Carroll Gibbons

Before he took up his famous role as bandleader of the Savoy Hotel Orpheans, Carroll Gibbons provided piano accompaniment for Elsie Carlisle at her first recording sessions in 1926-1927.

Carroll Gibbons – Wikipedia

Carroll Gibbons c. 1934
Carroll Gibbons c. 1934

“So Is Your Old Lady” (1926)

“So Is Your Old Lady.” Words by Al Dubin, music by Joe Burke (1926). Recorded by Elsie Carlisle with piano accompaniment by Carroll Gibbons on May 25, 1926. Ariel 940 mx. Bb8427-1 (also on Zonophone 2757 and Ariel 1006).

Elsie Carlisle – "So Is Your Old Lady" (1926)

Elsie Carlisle – “So Is Your Old Lady” – (1926)

“So’s your old man!” is a somewhat dated rejoinder to an insult, a suggestion that one’s interlocutor can take what he has said and apply it to his own father. One still hears the term “old lady” used to refer to a man’s wife or girlfriend. In this playful 1926 song, lyricist Al Dubin combines the two expressions in an exchange between a wife and a husband, the latter of whom has been philandering a little too obviously. The wife tells him to do as he likes, but to remember that while he is pursuing his affairs, “so is [his] old lady” — a suggestion of reciprocal infidelity. At this recording session in 1926 (which was her first), Elsie Carlisle handled the quick patter and formulaic repetition in the lyrics deftly, bringing something both cute and slightly titillating to the taunting threats of the wife. Carroll Gibbons’s piano playing complements Elsie’s quick, crisp delivery quite nicely. The recording was made for Zonophone but also appeared on the Ariel label under Elsie’s first known pseudonym: “Maisie Ramsey.”

Other versions of “So Is Your Old Lady” were done in 1926 in America by the Original Indiana Five, Ruth Etting,  and Warner’s Seven Aces. In Britain the song was recorded by Jack Hylton and His Orchestra, Teddy Brown and His Café de Paris Band (with vocalist Lionel Rothery), Bert Firman (under the pseudonym of Newton Carlisle’s Dance Orchestra), Hilda Glyder, Victor Sterling and His Band (directed by Nat Star), and the Edison Bell Dance Orchestra (with vocals by Tom Barratt).

“Since I Found You” (1927)

“Since I Found You.” Words by Sidney Clare, music by Harry Woods. Recorded by Elsie Carlisle at Studio B, Hayes, Middlesex, on May 6, 1927. HMV B. 2489.

Since I Found You – Elsie Carlisle

Elsie Carlisle – “Since I Found You” (1927)

Video by David Weavings (YouTube)

“Since I Found You” is an effusive love song, but one vague on details: the song tells us very little about the “I” or the “you” of the title. Even the sex of the “I” is only implied by that of the singer; there is nothing internal to the song that suggests boy-loves-girl or girl-loves-boy, the two most obvious scenarios for a popular song of the early twentieth century. Ironically, the ambiguity of “Since I Found You” may be one of its strengths.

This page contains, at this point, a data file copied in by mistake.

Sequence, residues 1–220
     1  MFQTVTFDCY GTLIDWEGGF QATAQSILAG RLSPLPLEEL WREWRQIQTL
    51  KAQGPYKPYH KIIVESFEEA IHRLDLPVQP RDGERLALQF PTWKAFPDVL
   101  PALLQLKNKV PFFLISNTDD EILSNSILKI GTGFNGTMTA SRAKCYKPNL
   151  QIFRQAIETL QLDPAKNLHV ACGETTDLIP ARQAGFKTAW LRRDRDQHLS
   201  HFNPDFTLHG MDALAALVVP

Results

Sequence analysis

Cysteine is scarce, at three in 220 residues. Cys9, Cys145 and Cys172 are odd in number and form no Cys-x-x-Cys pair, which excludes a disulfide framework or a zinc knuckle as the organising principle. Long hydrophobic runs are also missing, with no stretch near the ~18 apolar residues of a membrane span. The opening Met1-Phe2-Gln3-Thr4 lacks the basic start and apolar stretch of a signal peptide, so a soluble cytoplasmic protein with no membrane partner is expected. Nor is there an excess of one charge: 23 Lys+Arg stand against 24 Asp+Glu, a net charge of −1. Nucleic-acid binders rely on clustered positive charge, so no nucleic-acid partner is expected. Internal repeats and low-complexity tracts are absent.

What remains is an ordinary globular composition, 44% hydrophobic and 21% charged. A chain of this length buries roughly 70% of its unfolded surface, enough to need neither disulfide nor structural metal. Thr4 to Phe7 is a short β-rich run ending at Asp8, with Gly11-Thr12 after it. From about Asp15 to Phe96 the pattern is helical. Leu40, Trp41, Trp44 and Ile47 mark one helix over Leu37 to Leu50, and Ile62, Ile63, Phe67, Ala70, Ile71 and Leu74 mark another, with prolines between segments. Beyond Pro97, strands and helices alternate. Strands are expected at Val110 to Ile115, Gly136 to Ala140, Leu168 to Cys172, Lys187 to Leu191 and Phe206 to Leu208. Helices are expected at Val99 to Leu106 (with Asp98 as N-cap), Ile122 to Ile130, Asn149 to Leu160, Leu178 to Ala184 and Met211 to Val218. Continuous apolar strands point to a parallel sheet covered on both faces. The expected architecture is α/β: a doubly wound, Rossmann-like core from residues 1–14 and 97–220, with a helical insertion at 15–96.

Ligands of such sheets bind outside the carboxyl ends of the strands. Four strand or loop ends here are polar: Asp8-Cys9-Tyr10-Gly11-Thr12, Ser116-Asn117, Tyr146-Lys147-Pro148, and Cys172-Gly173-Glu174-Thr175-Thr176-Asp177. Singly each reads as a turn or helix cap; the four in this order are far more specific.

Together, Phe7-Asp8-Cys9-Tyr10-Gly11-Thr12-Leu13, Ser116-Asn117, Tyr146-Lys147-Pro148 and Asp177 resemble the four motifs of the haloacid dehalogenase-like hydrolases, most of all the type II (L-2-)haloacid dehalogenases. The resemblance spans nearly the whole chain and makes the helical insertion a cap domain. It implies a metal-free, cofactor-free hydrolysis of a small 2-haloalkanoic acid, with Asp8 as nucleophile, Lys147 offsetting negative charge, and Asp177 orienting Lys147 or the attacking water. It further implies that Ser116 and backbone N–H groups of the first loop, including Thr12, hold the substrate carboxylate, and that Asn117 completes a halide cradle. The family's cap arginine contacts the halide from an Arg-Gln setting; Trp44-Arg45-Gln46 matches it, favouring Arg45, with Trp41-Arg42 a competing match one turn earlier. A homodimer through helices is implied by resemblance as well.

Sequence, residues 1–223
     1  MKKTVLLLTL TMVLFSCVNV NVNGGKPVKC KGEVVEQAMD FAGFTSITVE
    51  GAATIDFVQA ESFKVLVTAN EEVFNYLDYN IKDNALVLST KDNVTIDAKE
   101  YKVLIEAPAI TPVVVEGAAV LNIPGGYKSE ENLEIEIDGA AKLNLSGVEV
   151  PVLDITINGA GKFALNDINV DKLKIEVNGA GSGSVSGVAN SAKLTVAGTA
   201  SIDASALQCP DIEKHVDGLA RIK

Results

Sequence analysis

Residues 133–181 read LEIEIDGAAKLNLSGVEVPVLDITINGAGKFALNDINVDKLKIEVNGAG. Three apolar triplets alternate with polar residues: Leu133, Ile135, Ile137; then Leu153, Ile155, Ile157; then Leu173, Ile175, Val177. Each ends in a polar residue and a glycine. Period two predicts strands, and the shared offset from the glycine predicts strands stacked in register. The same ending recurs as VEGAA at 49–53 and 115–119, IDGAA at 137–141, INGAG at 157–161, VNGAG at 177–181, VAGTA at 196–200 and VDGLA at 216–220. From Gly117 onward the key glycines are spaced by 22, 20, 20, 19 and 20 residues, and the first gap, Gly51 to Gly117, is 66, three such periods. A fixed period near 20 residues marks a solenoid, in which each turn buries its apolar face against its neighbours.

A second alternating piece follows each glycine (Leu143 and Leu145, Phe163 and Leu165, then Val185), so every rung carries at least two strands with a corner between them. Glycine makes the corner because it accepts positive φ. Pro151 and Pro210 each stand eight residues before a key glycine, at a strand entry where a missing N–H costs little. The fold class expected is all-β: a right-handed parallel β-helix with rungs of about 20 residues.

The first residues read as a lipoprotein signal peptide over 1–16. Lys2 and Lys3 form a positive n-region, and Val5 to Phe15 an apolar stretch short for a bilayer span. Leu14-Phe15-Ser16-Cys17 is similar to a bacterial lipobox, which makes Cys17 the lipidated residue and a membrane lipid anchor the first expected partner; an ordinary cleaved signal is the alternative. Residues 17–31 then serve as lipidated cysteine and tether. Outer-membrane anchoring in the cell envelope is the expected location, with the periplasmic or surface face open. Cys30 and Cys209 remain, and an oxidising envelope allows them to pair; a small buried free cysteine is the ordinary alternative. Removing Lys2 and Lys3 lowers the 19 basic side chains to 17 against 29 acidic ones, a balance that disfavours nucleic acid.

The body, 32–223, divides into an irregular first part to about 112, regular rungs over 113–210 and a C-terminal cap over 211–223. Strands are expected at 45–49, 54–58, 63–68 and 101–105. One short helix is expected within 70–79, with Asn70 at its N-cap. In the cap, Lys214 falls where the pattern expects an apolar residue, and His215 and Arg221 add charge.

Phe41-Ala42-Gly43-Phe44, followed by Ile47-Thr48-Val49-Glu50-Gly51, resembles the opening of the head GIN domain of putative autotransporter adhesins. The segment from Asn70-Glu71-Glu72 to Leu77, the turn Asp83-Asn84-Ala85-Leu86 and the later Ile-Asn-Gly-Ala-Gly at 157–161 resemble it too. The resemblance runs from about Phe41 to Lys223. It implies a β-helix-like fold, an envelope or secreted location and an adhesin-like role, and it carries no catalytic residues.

When I first began to listen carefully to different versions of popular songs from this period, I marveled that artists and arrangers were so adept at shifting the male and female pronouns in love songs around to suit the sex of the singer (and thus incidentally to preserve a heterosexual norm). At length I came to the conclusion that the lyrics were carefully written that way in the first place. A commercially ambitious Tin Pan Alley songwriter would never want to limit the number of artists who could record his music by using words that could not easily be swapped out. An example of success in this regard would be “I Can’t Get Over a Girl Like You (Loving a Boy Like Me)”; the pronouns in the title are simply begging to be reversed, as they were when Elsie Carlisle sang them.

“Since I Found You” is particularly ingenious in this regard, insofar as it mostly involves the first and second grammatical persons (“I” and “you”); there are no he‘s that need to become she‘s. In fact, the “I” of the song tells us practically nothing about himself (or herself) or about the “you” of the song, except to say that the former is absolutely ecstatic about having found the latter. The singer expresses his or her joy by insisting that the whole universe feels it, by transferring his or her feelings to heavenly bodies, birds, bees, and insects. This clever use of the pathetic fallacy renders the song simultaneously more general and even vague (and thus requiring no adaptations for sex) and yet entirely effective as an effusive emotional outpouring.

I do not mean to suggest that there is any doubt as to Elsie Carlisle’s identity in her version of “Since I Found You”; to the contrary, she is ebullient in a feminine and perhaps even girlish way. The lack of a real plot line does not prevent her from vocally caressing each of the lyrics’ hyperbolic claims regarding the transformation of the natural world by her love life. Elsie’s dulcet cooing is complemented in this 1927 recording by the piano playing of Carroll Gibbons.

“Since I Found You” was recorded in 1926 and 1927 in America by Cliff Edwards (Ukulele Ike) and His Hot Combination, Vincent Lopez and His Casa Lopez Orchestra, Jim Miller and Charlie Farrell, and Vaughn de Leath (in January with an orchestra and in February with piano accompaniment).